Obama's Tax Bill Comes DueWSJ Opinion, January 2, 2013
So Congress has passed a bill to avoid the tax cliff, hallelujah. This is the way to look at it if you have a pre-Copernican view of politics where Washington is the center of the economic universe. The better way to see it is that the tax bill on the private, productive part of the economy is now coming due for President Obama's first-term spending and re-election.
The Senate-White House compromise grudgingly passed by the House is a Beltway classic: The biggest tax increase in 20 years in return for spending increases, and all spun for political purposes as a "tax cut for the middle class." But taxes on the middle class were only going up on January 1 because the politicians had set it up that way, manufacturing a fake crisis. The politicians now portray themselves as scrambling heroically to save the day by sparing the middle class while raising taxes on small business, investors and the affluent.
***The nearby table shows the taxes that are going up this year. The best that can be said is that Senate Republicans managed to moderate the increase in the death tax from what it would have been, and to spare some upper middle-class families from even higher taxes by raising the income threshold for the new 39.6% top rate. But even those families will still see their taxes raised because couples making more than $300,000 will begin to have their deductions and exemptions phased out as their income rises.
The bill also makes most of the tax provisions (including a fix to the Alternative Minimum Tax) permanent, which removes some uncertainty from business and investment decisions. So much for the good, or shall we say the less bad, news.
On the other hand, the tax rate on capital gains will rise to 23.8% (including the 3.8% ObamaCare surtax), the highest rate since 1996, and at a time when business investment is mediocre. This contrasts with countries like Singapore and the Netherlands that compete with the U.S. for capital and have a capital-gains tax rate of zero.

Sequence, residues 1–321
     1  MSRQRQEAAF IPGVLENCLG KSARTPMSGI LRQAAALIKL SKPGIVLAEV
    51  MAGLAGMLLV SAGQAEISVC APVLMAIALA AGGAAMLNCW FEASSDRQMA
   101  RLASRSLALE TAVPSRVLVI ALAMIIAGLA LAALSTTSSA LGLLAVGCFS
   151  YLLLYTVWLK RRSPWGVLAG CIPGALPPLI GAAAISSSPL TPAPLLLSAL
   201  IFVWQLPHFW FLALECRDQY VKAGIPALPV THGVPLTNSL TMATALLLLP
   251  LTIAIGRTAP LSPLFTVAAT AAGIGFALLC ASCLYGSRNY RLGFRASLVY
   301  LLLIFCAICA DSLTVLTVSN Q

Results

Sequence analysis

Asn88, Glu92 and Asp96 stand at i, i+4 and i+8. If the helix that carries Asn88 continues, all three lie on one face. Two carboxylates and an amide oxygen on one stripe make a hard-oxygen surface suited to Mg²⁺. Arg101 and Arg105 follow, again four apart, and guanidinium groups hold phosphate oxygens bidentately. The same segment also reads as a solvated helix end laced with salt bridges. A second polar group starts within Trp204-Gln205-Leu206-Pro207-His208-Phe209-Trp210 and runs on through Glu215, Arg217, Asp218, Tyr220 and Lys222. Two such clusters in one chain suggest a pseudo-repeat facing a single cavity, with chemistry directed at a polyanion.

The estate tax deal is a reprieve only compared to the 45% that Mr. Obama wanted and the 55% that would have hit without a deal. Republicans still had to agree to a rate increase to 40% from 35%, and the $5 million exemption is a pittance for 50 years of work and thrift.
After paying a lifetime of taxes on wages and salaries, business and farm profits and capital gains, Americans who save their money rather than spend it get the reward of giving 40% to Uncle Sam. As a political matter, the GOP also gave a big break to Democratic Senators running in 2014 who would have had to defend the 55% rate.
As for small business, the overall tax increase this year is substantial. The new listed top rate of 39.6% doesn't include the phaseout of deductions that will take the actual rate to 41% or so for many taxpayers. Add the ObamaCare surtaxes on investment income (3.8%) and Medicare (0.9%), as well as the current Medicare tax of 1.45% (employee share), and the real top marginal tax rate on a dollar of investment income from a bank savings or money-market account will be about 46%. Throw in state taxes, and the marginal rates in many places will be in the mid-50%-or-higher-range.
Meanwhile, even as Democrats claim these tax rates won't matter to investment, Senators stuffed their bill full of tax subsidies for special business interests. The wind tax credit survived (cost: $12.1 billion), and so did the tax breaks for cellulosic ethanol ($59 million) and the impoverished producers of Hollywood ($248 million).
Keep in mind that this entire exercise was also supposed to promote "deficit reduction." But the bill's special-interest favors give away much of the new tax revenue that Mr. Obama says he wants, and the bill's estimate of $620 billion more revenue over 10 years is probably too high as the rich change their behavior to avoid the higher rates.
The private economy is growing, so perhaps it can absorb these tax shocks and keep moving. The tailwinds from the housing recovery and oil and gas revolution are helping, and the stock market is rising on a tide of easy money. But the higher rates will make the U.S. less competitive and keep growth slower than it might have been. As we learned in the 1980s and 1990s, faster growth than the anemic Obama recovery is the only real way to reduce deficits.